Arizona Public Service and a group of stakeholders from throughout the state reached an agreement last month in regard to the company’s first proposed rate hike in five years.

The agreement, which will go before the Arizona Corporation Commission for approval this summer, includes not only the rate hike but solar power agreements and fees for those who choose to use an analog meter as opposed to the APS-preferred smart meter.

The vote to disband the Sedona Main Street Program earlier this year left some wondering who would oversee one of its signature events — the St. Patrick’s Parade. In stepped the Sedona Parks and Recreation Department, which agreed to take over the event set for Saturday, March 11.

The parade begins at 10:30 a.m. at the Jordan Historical Park, travels south on Jordan Road and ends at Mesquite Avenue.

Over the next few months a group of citizens will meet nearly a dozen times to determine whether or not they recommend a bond be issued to cover the costs for upgrades to Sedona Fire District stations and equipment.

SFD’s governing board established a citizens’ advisory committee to explore funding options for infrastructure and capital projects including the possibility of a general obligation bond.

There’s an Arizona State Senate bill before the legislature that if passed, could result in customers seeing a 7 percent increase in their monthly city wastewater treatment fees.
Senate Bill 1430, which was introduced by Sen. Warren Petersen [R-District 12, Chandler/Gilbert], seeks to preempt cities from charging wastewater service fees for vacant parcels that are not connected to the system.

According to City Attorney Robert Pickels, Sedona has been charging such a “stand-by” fee since 2011 as a means of equitably distributing the costs for maintenance and depreciation amongst all customers, connected or otherwise. He said the bill would result in a loss of $400,000 annually and the need to increase rates to all other customers by approximately 7.3 percent.

As the number of visitors to Arizona continues to rise, so does the number of people seeking a slightly different lodging experience.

Last week, Airbnb, the largest company of its kind, announced hosts in Arizona using its platform earned a combined $50.9 million in supplemental income last year while welcoming 329,000 visitors — a 152 percent jump from the previous year. In that same time, the number of Airbnb hosts in Arizona grew to 7,600 — a 61 percent increase over the year before.

In 2016, Sedona saw 29,000 guest arrivals, which brought in more than $4.6 million for local homeowners.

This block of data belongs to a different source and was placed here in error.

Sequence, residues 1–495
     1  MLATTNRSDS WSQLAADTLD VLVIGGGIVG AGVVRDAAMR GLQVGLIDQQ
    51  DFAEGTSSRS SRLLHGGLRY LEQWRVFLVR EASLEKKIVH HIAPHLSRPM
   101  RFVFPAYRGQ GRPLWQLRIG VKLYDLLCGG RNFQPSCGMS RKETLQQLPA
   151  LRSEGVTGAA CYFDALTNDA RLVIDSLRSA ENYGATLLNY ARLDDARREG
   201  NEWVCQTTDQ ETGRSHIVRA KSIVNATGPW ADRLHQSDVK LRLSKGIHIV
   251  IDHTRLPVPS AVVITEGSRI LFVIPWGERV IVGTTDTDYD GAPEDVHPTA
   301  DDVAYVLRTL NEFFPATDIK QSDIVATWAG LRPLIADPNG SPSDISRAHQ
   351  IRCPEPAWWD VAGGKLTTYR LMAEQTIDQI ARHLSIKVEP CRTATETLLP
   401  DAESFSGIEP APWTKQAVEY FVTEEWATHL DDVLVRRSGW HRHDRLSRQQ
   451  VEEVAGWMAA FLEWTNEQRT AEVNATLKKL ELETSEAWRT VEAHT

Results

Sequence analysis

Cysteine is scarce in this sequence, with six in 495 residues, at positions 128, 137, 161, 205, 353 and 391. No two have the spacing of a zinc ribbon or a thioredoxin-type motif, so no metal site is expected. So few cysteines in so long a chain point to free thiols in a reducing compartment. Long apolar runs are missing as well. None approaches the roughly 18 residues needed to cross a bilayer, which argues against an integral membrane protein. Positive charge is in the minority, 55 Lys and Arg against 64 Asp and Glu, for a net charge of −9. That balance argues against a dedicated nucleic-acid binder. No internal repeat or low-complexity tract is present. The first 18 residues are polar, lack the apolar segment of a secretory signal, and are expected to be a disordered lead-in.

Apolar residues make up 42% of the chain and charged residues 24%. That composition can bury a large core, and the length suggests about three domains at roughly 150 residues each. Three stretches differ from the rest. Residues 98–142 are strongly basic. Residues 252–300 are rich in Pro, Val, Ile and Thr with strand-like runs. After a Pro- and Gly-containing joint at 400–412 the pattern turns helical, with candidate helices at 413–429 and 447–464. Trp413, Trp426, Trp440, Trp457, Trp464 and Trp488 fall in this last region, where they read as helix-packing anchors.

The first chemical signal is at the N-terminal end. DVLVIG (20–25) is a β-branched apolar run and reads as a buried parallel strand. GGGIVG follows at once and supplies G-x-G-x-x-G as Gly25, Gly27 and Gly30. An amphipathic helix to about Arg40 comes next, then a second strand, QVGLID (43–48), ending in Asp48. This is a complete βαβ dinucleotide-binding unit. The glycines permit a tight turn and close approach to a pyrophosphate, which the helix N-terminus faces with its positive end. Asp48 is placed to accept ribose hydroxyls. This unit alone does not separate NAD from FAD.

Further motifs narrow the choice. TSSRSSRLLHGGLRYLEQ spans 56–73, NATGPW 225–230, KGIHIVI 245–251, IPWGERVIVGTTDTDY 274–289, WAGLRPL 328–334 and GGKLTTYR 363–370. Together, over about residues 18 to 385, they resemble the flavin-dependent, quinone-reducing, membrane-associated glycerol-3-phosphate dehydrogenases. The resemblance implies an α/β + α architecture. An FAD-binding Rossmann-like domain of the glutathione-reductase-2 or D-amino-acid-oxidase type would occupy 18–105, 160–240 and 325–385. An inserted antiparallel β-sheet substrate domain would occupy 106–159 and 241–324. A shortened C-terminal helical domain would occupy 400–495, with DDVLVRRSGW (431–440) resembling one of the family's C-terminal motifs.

The Arizona State Legislature and city governments don’t always see eye to eye — and this year is no exception.

During the Feb. 14, Sedona City Council meeting, City Attorney Robert Pickels gave an update on some of the bills before state legislators that may impact Sedona. To date, more than 1,050 bills have been introduced.

One of the items was House Bill 2116, which was introduced by Rep. Bob Thorpe [R-District 6] and co-sponsored by Rep. Brenda Barton [R-District 6]. It came at the request of the city of Sedona to clarify the zoning area within which property owners adjacent to an area subject to a rezoning application may protest. An amendment will be offered in the Senate which will include the subject property in the definition of a zoning area.

Motorists driving in Uptown this weekend should be prepared to see a few changes.

The city announced this week that the Public Works and Sedona Police departments are coordinating to ensure business access and traffic safety on State Route 89A through the Uptown area for Presidents Day. This is part of the ongoing transportation master plan to find ways to help traffic flows, especially during busy weekends or periods of the year.

How do you prohibit trail-goers from parking in front of one’s house while at the same time allowing homeowners and their guests to do just that?

This was a question city of Sedona staff faced in regard to parking in the Rim Shadows area, which is adjacent to a popular trailhead off Soldier Pass Road. The end result — residential parking permits.

The Sedona City Council voted unanimously to move forward with this approach during its Tuesday, Feb. 14, meeting.

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